11. The market is not comparing an EB with past 4.0s or 4.6s. The market looks at current, modern offerings and finds, as in this comparison, that for essentially equal power numbers across the four CUVs, Ford's EB approach returns worse economy than the NA engines. In the US, where there are no taxes based on displacement, there's no benefit of minimizing displacement while retaining the same power if economy suffers, particularly when acceleration and drivability are not better.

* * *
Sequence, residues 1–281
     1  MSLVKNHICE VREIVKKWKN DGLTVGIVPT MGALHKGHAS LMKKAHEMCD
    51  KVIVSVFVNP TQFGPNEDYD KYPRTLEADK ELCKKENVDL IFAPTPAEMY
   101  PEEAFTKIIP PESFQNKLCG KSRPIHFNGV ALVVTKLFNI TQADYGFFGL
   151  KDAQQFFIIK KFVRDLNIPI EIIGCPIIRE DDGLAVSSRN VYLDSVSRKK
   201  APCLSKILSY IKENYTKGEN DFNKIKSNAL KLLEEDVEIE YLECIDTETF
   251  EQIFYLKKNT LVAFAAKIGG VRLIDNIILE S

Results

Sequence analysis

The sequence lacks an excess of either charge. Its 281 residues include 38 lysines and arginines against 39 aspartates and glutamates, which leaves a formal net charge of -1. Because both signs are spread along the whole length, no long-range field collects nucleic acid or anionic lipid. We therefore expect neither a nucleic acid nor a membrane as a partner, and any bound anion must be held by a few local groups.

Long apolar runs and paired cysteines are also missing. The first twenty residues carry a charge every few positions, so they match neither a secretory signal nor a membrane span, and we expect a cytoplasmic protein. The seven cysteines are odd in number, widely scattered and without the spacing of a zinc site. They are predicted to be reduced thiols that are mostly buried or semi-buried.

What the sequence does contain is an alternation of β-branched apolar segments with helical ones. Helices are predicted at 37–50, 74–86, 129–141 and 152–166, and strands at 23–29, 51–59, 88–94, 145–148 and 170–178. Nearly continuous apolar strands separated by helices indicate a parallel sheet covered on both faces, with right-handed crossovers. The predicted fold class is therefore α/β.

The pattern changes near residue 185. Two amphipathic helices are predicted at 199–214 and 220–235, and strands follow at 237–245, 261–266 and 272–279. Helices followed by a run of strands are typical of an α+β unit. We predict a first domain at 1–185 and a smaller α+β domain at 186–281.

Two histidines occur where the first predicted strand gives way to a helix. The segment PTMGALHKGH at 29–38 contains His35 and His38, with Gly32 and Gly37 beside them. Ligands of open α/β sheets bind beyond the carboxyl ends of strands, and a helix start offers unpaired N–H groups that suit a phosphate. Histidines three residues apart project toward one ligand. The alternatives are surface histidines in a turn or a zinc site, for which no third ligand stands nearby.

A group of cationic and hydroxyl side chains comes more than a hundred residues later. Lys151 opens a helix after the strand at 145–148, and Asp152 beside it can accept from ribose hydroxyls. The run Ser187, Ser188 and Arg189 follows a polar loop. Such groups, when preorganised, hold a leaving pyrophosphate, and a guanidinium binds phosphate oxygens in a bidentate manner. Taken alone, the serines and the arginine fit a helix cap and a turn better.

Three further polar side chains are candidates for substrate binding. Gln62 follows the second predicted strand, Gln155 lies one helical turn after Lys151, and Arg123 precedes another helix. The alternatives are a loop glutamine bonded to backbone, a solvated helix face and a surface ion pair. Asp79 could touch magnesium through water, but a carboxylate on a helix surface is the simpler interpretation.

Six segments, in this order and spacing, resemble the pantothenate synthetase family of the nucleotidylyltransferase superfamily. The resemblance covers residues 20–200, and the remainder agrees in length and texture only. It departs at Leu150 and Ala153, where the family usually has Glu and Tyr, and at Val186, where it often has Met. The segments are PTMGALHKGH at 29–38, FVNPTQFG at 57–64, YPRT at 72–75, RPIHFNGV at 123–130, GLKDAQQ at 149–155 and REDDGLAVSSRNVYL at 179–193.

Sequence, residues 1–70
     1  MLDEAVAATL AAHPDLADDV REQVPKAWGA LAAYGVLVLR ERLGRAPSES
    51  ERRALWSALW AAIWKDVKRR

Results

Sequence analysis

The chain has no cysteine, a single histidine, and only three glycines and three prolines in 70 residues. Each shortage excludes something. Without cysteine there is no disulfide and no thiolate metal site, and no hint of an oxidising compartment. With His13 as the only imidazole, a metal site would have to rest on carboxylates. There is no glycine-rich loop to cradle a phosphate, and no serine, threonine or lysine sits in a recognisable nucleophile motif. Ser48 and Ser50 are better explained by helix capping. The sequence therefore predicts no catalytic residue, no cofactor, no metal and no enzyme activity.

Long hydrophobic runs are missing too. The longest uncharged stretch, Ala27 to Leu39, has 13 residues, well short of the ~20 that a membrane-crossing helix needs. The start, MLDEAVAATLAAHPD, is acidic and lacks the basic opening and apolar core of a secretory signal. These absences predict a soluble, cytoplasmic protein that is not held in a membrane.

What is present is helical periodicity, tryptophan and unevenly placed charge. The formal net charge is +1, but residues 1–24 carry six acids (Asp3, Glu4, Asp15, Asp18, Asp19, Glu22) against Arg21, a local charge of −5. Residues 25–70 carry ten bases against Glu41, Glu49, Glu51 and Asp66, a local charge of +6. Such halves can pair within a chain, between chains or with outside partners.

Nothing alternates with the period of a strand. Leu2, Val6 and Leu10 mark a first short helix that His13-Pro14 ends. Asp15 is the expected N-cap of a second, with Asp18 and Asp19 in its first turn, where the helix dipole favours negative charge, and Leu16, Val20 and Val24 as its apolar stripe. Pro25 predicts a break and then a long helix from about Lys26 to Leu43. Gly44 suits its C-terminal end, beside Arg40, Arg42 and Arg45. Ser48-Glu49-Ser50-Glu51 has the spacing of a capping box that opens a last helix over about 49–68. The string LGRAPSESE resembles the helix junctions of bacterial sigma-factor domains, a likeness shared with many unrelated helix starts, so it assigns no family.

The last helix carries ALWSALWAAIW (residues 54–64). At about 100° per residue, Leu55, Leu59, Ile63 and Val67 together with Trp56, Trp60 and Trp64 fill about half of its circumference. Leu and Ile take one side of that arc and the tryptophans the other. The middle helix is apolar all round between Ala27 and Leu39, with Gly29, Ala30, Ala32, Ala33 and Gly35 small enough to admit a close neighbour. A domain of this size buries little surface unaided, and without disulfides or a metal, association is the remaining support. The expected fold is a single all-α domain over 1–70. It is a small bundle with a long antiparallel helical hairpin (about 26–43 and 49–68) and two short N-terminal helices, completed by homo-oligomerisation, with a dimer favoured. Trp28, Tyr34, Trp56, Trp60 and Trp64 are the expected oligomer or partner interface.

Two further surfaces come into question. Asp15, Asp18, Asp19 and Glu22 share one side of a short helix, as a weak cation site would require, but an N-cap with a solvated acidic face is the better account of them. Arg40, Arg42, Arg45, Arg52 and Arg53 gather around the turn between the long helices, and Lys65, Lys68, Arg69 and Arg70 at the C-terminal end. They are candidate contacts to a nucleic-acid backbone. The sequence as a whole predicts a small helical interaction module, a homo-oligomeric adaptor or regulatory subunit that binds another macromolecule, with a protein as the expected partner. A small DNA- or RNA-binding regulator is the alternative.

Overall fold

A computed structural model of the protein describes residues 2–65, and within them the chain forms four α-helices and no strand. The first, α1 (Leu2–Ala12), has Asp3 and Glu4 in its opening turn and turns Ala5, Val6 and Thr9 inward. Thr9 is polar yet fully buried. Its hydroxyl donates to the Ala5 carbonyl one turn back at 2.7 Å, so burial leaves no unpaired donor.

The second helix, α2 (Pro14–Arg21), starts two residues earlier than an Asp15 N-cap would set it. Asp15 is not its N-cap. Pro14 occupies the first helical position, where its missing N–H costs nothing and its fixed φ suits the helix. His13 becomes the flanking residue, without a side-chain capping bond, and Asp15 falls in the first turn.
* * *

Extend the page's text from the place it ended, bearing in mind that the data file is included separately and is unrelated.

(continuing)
12. The Escape is merely adequate as a CUV other than its handling and technology (if you can come to terms with MFT). I've only driven the 2.0 EB AWD version, and at mid-range and top-end it has excellent power. Pulling off the line on the low end requires some significant throttle input and at minimum 2500 rpm to keep up with normal traffic flow, 3000 rpm for decently quick starts. More rpm means more time needing boost and more fuel burnt so quite bad city mpg. I imagine these scenarios are even worse on the 1.6 EB. The transmission also struggles to transition from coasting toward a redlight to engaging a gear and accelerating. The last mechanical issue for the moment are the brakes--I have found they are far from confidence inspiring in routine use as well. The interior storage faculties are another omission--a cubby forward of the gear selector or just below the headlight switch would go a long way instead of having to carefully rotate my phone under the emergency brake handle (at least it's rubberized there instead of the slick polished plastic trim everywhere else). Another of my frustrations with Ford is their choice of wheel styling--short the SEL or Titanium 18"-19" wheels, these 17" alloys' design makes them look even smaller and less appropriate for the tall sided Escape. Ford of Europe does a much better job in wheel design for their market. I've driven a CX-5 2.5 AWD and a Forester and have to say I would easily choose either over the Escape personally (the Escape is a better match for my wife, and since its her car that works out). The CX-5 handles just as well and while it lacks a turbo, it's 2.5 L Skyactiv 4-cyl provided more than adequate power in AWD guise that would likely be even better when on a lighter FWD model. Mazda's transmission was also far smoother and quicker in responding to changes. All reviews and personal accounts have shown significantly better fuel mileage than the EB as well. The Forester takes a different approach in it's no nonsense, utilitarian way. Handling is not as nimble and precise but this allows for a smoother ride and better tolerance of dusty roads and paths combined with better ground clearance. I think it's somewhat embarassing for all competitors than an AWD Subaru took the mpg prize, but thank their CVT and no-longer full-time true AWD system for this accomplishment. The interior will not convince people of the higher-trim models' cost as the leather is not of the same quality as in leather Escapes, but the trim is softer and more pleasant than the hard, smooth Escape plastic. It's not that the Escape is a bad choice, but I think Ford's insistence on EB powertrains is going to leave them behind if fuel economy ever becomes more than a passing concern to consumers. I would need to spend 1-2 weeks in any other EB product to gauge my own personal mpg before making a decision to buy one again.